Casino Compact with Tuscaroras could help fund a new water treatment plant in Niagara Falls

The City of Niagara Falls may get a new water treatment plant as part of a broader gaming compact between the Tuscarora Nation and Governor Andrew Cuomo that would authorize a second Las Vegas-style casino in downtown Niagara Falls.

Sources close to Tuscarora businessman Joe Anderson tell The Chronicle that, if the Tuscarora Nation approves a Casino Compact with Governor Andrew Cuomo, the Nation is likely to insist on a waterfront site for any Las Vegas-style casino.  Anderson has been advocating for a Compact, but the terms of the eventual agreement will require the assent of Sagwaritha, the sovereign of the Tuscarora Nation.

It’s been suggested by those close to Mayor-elect Robert Restaino that, if the Tuscarora Nation were to purchase the site that currently accommodates the City’s functionally obsolete water treatment plant on Buffalo Avenue near John Daley Boulevard, that sale could help fund the construction of a new and badly needed treatment plant.

Mayor-elect Bob Restaino is a fiscally conservative Democrat who wants to partner with a slew of local Indian Tribes to attract investment to the City.  A sale of the City’s functionally obsolete water treatment plant could raise $10 to $12 million in investment capital for a project that could cost $30 million.

That waterfront parcel could sell for $10 to $12 million, which could give the city much-needed investment capital, which could constitute the local contribution of a much larger reconstruction of the City’s most key pieces of water infrastructure, in partnership with New York State.

In recent years, following embarrassing international news coverage of the City’s release of sludge water near the docking station of the Maid of the Mist, urban planners have begun calling on the City to reconstruct the facility.  It only makes sense to move the facility off of the waterfront, to a site elsewhere on Buffalo Avenue, they argue.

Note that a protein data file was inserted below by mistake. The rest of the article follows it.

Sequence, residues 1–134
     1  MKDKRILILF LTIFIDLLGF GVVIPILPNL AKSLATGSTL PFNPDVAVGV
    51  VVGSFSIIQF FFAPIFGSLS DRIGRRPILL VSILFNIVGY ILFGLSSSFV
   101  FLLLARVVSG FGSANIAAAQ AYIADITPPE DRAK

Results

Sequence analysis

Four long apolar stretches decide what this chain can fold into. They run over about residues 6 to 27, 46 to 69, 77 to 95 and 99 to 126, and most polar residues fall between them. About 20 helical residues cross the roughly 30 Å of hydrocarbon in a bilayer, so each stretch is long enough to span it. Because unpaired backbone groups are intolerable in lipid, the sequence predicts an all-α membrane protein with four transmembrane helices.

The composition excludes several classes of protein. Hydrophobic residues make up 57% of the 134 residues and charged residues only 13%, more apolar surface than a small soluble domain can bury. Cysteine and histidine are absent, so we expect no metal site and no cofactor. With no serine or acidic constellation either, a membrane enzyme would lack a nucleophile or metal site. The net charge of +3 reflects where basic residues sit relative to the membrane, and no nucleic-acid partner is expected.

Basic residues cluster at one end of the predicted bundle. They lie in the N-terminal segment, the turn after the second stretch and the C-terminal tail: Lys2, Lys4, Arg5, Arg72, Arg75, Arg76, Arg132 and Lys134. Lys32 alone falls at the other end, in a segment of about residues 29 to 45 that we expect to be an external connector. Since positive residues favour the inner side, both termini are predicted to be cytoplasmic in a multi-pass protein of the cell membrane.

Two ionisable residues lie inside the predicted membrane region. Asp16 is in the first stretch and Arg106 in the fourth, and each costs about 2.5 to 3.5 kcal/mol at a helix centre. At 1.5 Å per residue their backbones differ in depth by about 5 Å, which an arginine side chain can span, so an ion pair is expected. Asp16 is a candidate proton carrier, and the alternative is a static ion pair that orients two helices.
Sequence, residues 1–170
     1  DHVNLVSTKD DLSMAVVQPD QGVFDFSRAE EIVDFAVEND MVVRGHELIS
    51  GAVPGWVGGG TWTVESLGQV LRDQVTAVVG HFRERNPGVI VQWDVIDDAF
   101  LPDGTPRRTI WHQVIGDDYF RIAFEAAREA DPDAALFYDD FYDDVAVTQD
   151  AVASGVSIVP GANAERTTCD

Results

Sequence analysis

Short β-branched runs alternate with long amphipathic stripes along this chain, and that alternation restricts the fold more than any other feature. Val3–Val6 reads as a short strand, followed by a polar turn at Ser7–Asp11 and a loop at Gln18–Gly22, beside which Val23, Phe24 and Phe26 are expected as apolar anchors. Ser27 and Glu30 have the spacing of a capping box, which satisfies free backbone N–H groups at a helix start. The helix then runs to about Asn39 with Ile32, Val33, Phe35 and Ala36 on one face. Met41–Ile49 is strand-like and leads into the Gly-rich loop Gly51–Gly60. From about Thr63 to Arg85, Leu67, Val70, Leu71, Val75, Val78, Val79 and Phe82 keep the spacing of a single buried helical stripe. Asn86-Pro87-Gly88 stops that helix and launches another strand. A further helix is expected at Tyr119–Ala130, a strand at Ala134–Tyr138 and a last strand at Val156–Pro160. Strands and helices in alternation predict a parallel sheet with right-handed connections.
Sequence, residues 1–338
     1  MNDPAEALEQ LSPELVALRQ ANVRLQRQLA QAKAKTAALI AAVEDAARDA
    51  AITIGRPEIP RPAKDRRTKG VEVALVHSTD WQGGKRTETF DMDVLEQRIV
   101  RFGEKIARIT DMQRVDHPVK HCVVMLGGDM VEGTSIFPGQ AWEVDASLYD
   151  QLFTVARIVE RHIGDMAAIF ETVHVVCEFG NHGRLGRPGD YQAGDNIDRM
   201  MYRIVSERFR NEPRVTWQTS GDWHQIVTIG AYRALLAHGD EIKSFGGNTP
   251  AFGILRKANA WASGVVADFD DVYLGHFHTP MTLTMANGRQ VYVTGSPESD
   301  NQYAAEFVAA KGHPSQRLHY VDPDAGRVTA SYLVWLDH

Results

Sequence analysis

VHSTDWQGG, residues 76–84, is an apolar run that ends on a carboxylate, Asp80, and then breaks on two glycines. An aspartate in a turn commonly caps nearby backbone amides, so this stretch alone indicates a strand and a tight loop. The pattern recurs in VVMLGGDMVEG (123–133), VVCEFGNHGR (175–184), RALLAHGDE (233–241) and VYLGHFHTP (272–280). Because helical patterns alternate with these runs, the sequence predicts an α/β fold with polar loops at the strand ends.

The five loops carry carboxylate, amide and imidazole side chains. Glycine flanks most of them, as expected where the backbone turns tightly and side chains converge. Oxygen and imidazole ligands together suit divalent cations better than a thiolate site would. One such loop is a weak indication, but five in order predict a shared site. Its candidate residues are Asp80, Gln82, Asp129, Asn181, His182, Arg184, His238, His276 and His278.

Anderson is reportedly in talks with senior figures in the Cuomo administration to land a compact with the Tuscarora Nation, which would then independently accept or reject the agreement.

Jerry Monture and Ken Hill with Mike Tyson.

Several Native American businessmen — rumored to include Anderson, Jerry Monture, Ken Hill, and Curt Styres — would lend the Tuscarora Nation more than $200 million to fund the first phase of the venue’s construction.   Those executives own Grand River Enterprises, a prolifically successful Native American tobacco manufacturer. The Tuscarora Nation would wholly own and operate the gaming venue, through a subsidiary gaming corporation.

The 45-acre waterfront parcel boasts sweeping views of the Niagara River from just above the Rapids.  The old Adams Transformer House sits on the property.  That building was part of Westinghouse’s operations — where Nikola Tesla made history inventing the alternating current.

Architects openly imagine uncovering the hydro intake canal and restoring the structure as a high-end restaurant.  There is ample space on the site for gaming, hotel accommodations, public gardens, parking, and historic preservation projects.

Architects imagine constructing an irregular arrangement of pedestrian-oriented retail structures designed as a modern indigenous village and boasting a series of public spaces.  They suggest using earthy regional materials like slate, stone, and a variety of woods to manifest a ‘contemporary indigenous architecture’.

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